Finishing fall gardening chores
There's a lot of work to be done now to keep plants and soil healthy and ensure that, come spring, you won't be buried in cleanup work or under a pile of crowded, overgrown perennials. Check out the Garden Detective's full list of chores that need to be done in the coming weeks.
Beverly Norkelun and daughter Sara loaded up on plants at Trimbles Nursery. At the nursery, look for potted trees whenever you can; those that are balled-and-burlapped (B&B) were dug up from the ground and may have suffered root damage in the process. (Sept. 1, 2012)
When planting shrubs, dig a hole twice as wide as the root ball and exactly as deep, and mix one-third compost to two-thirds of the soil removed from the hole. Backfill, tamp tightly and water well.
Two to three inches of shredded bark mulch will go a long way toward protecting roots from heaving out of the soil (or too close to the surface) during the freeze-thaw cycles of winter. But wait until first frost before mulching or you'll risk trapping warmth in the soil, which may delay the roots' dormancy and make them susceptible to winter injury, stressing and possibly killing the plant.
Consider replacing summer annuals with pansies, which will lend color until frost and bloom again in spring. Pansies are annuals, too, but their life cycle runs from fall through spring, not spring through fall. It's the summer heat that kills them off; unlike other annuals, they survive winter very nicely.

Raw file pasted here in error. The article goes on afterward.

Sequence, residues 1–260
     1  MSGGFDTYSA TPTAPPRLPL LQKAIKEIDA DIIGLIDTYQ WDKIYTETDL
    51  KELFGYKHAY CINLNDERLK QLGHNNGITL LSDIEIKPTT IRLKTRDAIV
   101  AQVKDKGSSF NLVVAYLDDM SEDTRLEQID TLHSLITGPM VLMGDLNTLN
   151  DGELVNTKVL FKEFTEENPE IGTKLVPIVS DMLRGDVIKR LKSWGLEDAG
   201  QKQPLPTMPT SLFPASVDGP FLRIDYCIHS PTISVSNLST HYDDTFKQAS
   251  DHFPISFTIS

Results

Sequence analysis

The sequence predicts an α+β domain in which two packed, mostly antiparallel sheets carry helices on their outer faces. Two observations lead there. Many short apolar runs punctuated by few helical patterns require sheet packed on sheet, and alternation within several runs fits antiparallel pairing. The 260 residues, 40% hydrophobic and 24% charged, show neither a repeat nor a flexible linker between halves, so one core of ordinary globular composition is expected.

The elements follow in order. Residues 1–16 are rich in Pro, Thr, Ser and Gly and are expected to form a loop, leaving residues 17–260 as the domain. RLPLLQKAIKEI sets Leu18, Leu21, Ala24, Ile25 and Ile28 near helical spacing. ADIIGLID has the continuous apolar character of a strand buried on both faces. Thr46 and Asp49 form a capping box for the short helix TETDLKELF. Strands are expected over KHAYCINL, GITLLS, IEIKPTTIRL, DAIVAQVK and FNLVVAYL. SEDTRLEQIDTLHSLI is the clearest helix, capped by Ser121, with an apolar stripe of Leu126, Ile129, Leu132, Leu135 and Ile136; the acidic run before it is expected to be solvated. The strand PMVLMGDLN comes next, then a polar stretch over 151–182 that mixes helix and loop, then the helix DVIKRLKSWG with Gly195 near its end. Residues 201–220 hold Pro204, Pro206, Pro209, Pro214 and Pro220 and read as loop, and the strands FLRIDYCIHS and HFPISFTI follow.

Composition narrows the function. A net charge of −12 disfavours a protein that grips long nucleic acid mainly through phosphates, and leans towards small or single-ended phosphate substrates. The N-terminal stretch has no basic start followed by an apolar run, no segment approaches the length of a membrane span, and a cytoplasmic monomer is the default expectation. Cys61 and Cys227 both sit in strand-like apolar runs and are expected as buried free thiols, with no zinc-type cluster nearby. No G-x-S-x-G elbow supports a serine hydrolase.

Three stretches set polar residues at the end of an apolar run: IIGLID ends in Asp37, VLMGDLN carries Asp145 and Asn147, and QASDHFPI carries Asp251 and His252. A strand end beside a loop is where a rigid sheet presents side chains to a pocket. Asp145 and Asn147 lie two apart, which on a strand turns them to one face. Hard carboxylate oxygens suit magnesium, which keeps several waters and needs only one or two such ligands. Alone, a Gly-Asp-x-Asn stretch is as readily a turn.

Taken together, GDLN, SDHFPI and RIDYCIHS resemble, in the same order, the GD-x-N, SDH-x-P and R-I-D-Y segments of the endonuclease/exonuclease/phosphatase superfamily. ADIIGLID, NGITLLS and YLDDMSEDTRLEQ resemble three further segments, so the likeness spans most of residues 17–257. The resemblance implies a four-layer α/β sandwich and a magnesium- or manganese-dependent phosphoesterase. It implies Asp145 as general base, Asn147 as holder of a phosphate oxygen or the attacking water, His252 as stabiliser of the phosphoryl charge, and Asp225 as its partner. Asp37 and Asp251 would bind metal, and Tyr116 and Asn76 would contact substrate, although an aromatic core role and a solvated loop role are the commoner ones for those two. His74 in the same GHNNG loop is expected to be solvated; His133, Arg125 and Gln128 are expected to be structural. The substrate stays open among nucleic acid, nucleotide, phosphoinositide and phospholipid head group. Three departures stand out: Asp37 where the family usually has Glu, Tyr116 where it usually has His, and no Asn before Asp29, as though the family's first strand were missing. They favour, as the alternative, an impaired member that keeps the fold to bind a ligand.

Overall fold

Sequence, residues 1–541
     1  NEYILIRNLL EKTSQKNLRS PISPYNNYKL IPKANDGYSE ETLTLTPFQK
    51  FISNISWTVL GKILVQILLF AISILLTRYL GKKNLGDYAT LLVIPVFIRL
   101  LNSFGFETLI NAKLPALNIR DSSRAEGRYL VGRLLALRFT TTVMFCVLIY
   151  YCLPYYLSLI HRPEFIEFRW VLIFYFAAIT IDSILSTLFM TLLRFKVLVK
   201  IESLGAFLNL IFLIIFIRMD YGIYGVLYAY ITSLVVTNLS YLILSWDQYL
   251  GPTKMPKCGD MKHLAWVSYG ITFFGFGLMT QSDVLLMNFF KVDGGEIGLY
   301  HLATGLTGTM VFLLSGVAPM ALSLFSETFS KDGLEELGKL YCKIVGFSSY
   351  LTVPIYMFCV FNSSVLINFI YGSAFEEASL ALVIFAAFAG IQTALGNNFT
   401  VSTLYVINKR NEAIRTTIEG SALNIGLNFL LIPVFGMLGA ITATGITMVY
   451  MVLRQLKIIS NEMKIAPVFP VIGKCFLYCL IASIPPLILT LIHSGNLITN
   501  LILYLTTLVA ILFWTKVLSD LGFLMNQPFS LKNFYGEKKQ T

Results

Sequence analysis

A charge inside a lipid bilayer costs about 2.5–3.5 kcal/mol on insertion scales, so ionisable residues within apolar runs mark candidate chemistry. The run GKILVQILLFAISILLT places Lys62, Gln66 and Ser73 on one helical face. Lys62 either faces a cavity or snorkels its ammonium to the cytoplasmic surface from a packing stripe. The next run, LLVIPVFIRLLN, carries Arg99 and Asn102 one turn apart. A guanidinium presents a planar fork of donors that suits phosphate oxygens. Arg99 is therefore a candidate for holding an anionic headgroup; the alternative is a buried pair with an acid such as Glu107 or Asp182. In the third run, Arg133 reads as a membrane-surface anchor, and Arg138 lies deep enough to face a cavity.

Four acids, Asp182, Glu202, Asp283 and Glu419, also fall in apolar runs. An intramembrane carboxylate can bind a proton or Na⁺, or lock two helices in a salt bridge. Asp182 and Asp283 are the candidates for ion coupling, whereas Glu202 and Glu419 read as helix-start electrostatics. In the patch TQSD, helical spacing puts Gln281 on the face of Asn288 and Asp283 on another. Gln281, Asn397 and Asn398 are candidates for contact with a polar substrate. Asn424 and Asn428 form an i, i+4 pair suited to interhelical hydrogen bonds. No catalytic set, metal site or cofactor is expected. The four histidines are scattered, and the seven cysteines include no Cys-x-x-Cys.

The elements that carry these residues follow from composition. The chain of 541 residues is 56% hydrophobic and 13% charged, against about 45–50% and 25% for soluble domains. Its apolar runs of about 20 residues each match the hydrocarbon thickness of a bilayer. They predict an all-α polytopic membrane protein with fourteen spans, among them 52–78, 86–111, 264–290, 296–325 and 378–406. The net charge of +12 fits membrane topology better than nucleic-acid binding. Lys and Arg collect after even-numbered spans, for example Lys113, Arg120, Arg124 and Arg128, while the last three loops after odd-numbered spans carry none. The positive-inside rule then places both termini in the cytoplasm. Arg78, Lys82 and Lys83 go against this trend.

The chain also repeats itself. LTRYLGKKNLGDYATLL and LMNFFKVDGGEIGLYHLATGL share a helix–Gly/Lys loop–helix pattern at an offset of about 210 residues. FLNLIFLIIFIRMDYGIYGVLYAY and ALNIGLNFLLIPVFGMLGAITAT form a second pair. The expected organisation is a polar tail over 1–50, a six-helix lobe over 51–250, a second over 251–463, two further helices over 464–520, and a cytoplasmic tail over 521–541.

This is a great time to get steep discounts on perennials, as nurseries are having sales to clear out their inventory, but proceed with caution: Snap plants up as long as they look healthy -- such as these Sweet William (dianthus barbatus) plants at Trimbles Nursery -- and use them to fill in gaps you noticed this year.
Sara Norkelun, 22, plant sneezeweed, a perennial that grows to about 4 feet. (Sept. 1, 2012)
Although trees and shrubs appear to have stopped growing, continue to water until the ground freezes. Roots are still growing underground and are busy storing up food and energy for next year.
If spring- or summer-blooming perennials were crowded or showed signs of decline this year, now is the time to divide them. Most perennials -- coneflowers, black-eyed Susans, daylilies, Dutch irises, catmints, hostas and the like -- can be divided very easily by inserting a spade or long-handled garden fork in sections all around the plant, leaning on and rocking the tool's handle with each segmentation to loosen the rootball. (Sept. 1, 2012)